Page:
Study: students see 36-65% greater gains with Imagine Learning

SEG Study Executive Summary

SEG Measurement, an independent research firm, announced the completion of the first phase of a study of nearly 1,000 English language learners in grades two–five in a large California school district. Study results demonstrate that students in programs using Imagine Learning’s curriculum show greater improvement in reading than students not exposed to Imagine Learning software.

The study compared growth in reading skills of students who used Imagine Learning to comparable students who did not use Imagine Learning. Students used the Imagine Learning software for approximately six months between December 2012 and June 2013. Students in second grade using Imagine Learning showed 36% greater gains in reading than students who did not use the program. Imagine Learning students in grades three–five showed 65% greater gains in reading than non-users.

“Students using Imagine Learning showed statistically significant gains in reading skills and outperformed students who did not use Imagine Learning,” said Scott Elliot, president of SEG Measurement. “These findings are particularly important, given that students only used Imagine learning for half of the school year. More extended use of Imagine Learning may yield even greater gains for the students.”

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New Action Areas tool allows for immediate intervention

Imagine Learning version 13 includes the new Action Areas tool—giving teachers the intervention resources they have been asking for. The new tool assists teachers by identifying which students need help and pinpointing the skills that are giving them trouble.

Instant Data Equals Instant Intervention

The Action Areas tool allows for immediate intervention by grouping students together according to their needs. The tool provides a wealth of supporting content that can be used for guided practice. And teachers can instantly launch Imagine Learning activities and printouts directly from the tool itself. Read more »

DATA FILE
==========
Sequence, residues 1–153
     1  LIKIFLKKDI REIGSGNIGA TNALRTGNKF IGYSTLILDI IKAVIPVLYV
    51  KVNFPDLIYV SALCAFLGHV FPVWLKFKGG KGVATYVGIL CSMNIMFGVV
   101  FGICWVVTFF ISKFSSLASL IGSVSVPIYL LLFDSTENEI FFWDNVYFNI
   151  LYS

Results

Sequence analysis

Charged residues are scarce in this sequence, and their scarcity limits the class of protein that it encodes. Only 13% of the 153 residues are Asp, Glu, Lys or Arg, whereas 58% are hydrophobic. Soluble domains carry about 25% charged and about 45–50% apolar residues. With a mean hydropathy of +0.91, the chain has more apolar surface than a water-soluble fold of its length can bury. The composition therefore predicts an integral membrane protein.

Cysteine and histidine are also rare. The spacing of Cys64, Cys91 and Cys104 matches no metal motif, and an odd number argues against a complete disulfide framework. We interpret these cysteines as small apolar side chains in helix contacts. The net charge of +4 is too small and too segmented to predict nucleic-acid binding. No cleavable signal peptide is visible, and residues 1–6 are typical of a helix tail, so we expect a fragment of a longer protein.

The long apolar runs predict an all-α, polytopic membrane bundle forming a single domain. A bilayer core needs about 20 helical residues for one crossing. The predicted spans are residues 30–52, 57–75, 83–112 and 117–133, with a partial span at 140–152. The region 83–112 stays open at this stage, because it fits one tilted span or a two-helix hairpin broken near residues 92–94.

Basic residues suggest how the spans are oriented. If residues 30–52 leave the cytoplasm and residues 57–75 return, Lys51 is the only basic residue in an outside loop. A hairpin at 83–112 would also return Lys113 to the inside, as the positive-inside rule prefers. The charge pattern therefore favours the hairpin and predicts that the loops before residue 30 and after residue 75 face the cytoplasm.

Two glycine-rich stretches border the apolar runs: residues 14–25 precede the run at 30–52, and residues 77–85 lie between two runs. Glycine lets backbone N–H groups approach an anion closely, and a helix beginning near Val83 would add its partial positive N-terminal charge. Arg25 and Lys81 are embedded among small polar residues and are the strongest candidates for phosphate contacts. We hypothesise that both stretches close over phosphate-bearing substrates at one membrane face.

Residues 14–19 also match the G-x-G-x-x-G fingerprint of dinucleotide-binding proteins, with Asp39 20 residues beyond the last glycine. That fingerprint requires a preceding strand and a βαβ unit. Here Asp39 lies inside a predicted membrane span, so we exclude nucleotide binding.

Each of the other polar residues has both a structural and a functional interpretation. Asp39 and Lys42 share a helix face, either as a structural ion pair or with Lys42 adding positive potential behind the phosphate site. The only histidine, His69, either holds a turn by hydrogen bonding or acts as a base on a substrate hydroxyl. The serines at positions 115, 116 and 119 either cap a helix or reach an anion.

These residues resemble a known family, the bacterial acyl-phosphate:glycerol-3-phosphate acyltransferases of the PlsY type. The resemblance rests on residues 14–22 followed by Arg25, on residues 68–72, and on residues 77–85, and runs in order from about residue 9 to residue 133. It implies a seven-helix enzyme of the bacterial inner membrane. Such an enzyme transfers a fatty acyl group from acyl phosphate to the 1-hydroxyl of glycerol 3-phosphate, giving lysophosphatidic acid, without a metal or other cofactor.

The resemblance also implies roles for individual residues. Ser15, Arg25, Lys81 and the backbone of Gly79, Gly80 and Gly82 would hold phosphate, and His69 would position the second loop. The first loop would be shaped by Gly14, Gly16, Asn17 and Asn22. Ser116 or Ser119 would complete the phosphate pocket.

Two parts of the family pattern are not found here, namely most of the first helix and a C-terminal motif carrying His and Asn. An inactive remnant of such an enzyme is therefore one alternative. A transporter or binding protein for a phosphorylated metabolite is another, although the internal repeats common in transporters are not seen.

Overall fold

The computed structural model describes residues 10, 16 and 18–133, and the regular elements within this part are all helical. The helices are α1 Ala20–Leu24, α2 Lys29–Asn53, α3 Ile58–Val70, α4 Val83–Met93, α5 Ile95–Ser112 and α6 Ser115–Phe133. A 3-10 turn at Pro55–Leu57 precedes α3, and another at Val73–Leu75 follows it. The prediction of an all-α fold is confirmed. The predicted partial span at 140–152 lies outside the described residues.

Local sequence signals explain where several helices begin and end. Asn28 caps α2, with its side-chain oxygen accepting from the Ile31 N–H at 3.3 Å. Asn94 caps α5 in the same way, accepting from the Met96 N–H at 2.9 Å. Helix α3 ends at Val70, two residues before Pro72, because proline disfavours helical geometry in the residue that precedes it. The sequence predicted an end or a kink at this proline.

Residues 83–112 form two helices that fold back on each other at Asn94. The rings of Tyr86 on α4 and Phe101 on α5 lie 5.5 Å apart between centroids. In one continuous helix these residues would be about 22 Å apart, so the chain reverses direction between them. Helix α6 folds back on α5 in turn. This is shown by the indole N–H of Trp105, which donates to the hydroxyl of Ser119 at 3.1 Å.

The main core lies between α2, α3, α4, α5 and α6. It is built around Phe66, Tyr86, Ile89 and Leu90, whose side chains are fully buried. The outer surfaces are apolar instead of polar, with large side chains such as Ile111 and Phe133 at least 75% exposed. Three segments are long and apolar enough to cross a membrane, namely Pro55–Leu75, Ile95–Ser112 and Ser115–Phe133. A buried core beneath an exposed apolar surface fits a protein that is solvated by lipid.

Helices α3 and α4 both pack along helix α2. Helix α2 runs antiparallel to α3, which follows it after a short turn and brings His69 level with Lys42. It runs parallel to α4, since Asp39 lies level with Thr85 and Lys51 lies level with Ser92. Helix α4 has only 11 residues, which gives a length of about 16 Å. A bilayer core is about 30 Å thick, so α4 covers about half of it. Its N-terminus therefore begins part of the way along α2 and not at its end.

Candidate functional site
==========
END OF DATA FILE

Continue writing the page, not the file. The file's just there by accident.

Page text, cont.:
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Somali first-language support added

Imagine Learning recently introduced Somali first-language support. The new addition makes it easier for even more students to gain language and literacy fluency.

As students use Imagine Learning and become more proficient in English, the language support gradually fades, preparing students for English-only environments.

Imagine Learning now offers first-language support in 15 languages: Spanish, Portuguese, French, Haitian Creole, Korean, Vietnamese, Mandarin, Japanese, Arabic, Russian, Marshallese, Tagalog, Cantonese, Hmong, and Somali.

Somali language support is just one of the many features included in the latest update, Imagine Learning version 13. Packed with new curriculum, iPad delivery, and the new Action Areas tool, version 13 provides language and literacy instruction better than ever.

Watch the v13 video.

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Imagine Learning all-new for iPad

Imagine Learning has released an all-new iPad app designed to teach early literacy skills, and features new activities specifically optimized for touchscreen use.

Putting early literacy right at your students’ fingertips

Imagine Learning is placing early literacy into the hands of students with the all-new app, Imagine Learning for iPad. The new app from Imagine Learning features rich media content and rigorous activities that have been specifically designed to help emergent readers. Imagine Learning for iPad takes core literacy components of Imagine Learning that schools have already used successfully, and puts them into the new format teachers have been asking for. Read more »

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5 ways to fit Common Core into your curriculum

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Adjusting your curriculum to address Common Core standards is not easy. According to a study conducted by the University of Pennsylvania, the Common Core standards are substantially different from previous state standards, not only in curriculum but in the cognitive skills they demand. Common Core focuses on higher order skills, like “understanding and analyzing written material,” rather than “memorization and performing procedures.” To help with these higher order skills, take a look at five ways Imagine Learning can bring the Common Core into your classroom curriculum.

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